In London this morning, the second Report on antimicrobial resistance has now been issued by Jim O’Neill. While many complex issues require further study on resistance (prior TIE posts here), the Report finds sufficient evidence on five issues to warrant action now:
- Increase basic research funding, primarily in the university setting;
- Extend the lives of existing drugs;
- Create and deploy diagnostics to reduce unnecessary use;
- Invest in human capital – the grad students, post-docs, research teams, and ID physicians who will be on the front lines of this effort for decades; and
- Build a modern surveillance system for infectious diseases, with digital capabilities in real time.
O’Neill is right that there is broad consensus in the policy community for all five, and has been for some time, with the possible exception of number 4. The human capital issues have only been recently raised with sufficient vigor, most notably by our colleagues over at Controversies in Hospital Infection Prevention (especially the famous dumpster fire post and its sequel – instant classics). So let’s focus on the human capital section of the O’Neill Report.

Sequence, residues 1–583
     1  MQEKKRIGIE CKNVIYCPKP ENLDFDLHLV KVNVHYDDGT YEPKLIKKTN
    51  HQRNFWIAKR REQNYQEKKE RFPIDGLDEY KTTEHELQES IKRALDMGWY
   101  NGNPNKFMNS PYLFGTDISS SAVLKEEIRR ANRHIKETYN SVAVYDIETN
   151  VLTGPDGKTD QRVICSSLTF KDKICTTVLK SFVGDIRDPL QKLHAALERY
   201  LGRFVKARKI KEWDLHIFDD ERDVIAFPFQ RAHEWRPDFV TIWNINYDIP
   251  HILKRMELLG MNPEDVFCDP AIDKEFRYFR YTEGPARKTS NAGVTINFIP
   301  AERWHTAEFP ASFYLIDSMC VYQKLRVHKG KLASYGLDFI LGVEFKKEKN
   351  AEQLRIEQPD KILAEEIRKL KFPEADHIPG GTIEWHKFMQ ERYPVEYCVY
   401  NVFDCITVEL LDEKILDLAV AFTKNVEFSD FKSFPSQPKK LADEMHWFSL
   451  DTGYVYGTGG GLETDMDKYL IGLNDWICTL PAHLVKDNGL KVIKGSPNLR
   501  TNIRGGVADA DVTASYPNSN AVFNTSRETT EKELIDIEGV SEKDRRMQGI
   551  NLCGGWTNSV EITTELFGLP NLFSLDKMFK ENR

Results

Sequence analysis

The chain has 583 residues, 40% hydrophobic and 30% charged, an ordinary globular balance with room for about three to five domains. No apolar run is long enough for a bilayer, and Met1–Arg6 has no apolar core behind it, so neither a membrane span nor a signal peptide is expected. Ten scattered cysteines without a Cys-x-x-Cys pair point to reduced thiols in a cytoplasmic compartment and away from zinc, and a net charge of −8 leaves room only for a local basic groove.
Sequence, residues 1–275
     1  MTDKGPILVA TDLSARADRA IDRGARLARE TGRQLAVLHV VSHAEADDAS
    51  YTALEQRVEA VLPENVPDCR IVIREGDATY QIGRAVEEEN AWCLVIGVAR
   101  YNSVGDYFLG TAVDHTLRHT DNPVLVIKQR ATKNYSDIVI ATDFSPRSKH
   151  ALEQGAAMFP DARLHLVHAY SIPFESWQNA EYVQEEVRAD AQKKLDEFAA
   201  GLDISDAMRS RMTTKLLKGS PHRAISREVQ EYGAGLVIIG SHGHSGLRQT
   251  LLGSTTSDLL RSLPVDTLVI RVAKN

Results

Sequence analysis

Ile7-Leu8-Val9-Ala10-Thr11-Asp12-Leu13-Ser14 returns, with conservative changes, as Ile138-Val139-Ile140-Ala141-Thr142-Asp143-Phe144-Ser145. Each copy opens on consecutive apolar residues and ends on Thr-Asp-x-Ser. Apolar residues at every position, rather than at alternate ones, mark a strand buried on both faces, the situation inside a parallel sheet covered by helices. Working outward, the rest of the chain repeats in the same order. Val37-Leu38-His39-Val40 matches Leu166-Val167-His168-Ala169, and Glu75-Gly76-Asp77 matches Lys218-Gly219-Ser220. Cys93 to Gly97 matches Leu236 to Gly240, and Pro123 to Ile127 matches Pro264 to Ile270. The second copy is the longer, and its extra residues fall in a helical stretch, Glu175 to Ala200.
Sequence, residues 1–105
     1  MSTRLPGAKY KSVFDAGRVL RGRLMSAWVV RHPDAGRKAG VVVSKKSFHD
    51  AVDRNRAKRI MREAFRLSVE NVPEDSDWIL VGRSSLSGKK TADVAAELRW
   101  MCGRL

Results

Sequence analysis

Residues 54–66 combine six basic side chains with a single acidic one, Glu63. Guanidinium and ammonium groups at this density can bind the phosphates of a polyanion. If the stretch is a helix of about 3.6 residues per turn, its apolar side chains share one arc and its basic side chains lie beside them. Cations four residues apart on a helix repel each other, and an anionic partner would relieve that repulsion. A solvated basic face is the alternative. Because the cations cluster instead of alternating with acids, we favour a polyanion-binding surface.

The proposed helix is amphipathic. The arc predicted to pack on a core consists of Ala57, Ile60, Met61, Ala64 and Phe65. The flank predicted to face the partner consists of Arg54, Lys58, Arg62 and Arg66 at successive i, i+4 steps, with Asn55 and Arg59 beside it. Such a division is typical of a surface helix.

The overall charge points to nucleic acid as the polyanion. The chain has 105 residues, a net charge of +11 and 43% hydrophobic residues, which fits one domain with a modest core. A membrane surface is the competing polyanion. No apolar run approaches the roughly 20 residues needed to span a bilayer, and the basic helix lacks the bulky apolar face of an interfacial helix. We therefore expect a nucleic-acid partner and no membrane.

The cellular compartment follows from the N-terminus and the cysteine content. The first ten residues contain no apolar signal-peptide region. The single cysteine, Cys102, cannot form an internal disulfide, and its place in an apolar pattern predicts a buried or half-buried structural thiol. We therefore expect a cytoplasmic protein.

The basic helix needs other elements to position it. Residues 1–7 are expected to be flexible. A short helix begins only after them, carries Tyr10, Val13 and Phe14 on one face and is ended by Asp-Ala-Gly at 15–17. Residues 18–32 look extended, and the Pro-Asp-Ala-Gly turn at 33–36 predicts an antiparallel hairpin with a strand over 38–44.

First, follow the money, and ID docs are among the worst paid specialists in the US. Train for several additional years, take difficult call schedules, but make less money than your peers:
Second, building on the analysis by the CHIP crew, when medical residents match in the US, one of the few unfilled specialties is ID, with a large number of programs having unfilled slots. Every unfilled slot is a loss to future efforts to control hospital infections. Applications for the better paid specialties are robust by comparison:
Third, the Report found evidence that citation rates are lower for journals specializing in resistance and microbiology, which makes academic careers and grant funding more difficult when compared to “hot” fields like cancer.
I also worry about the effect of flat to declining research expenditures in bacterial research. R01 grants are always difficult to start a career as a researcher, but in bacterial fields they are harder still. Given the robust funding over the past decade for some biodefense threats like anthrax or plague, a young researcher might reasonably choose these organisms instead of those responsible for large impacts on current human health, such as gonorrhea, acinetobacter, e.coli or staph.
For the White House plan on these issues, see Maryn’s summary here. Hopefully, Congress will work with this budget proposal and move some significant funding forward.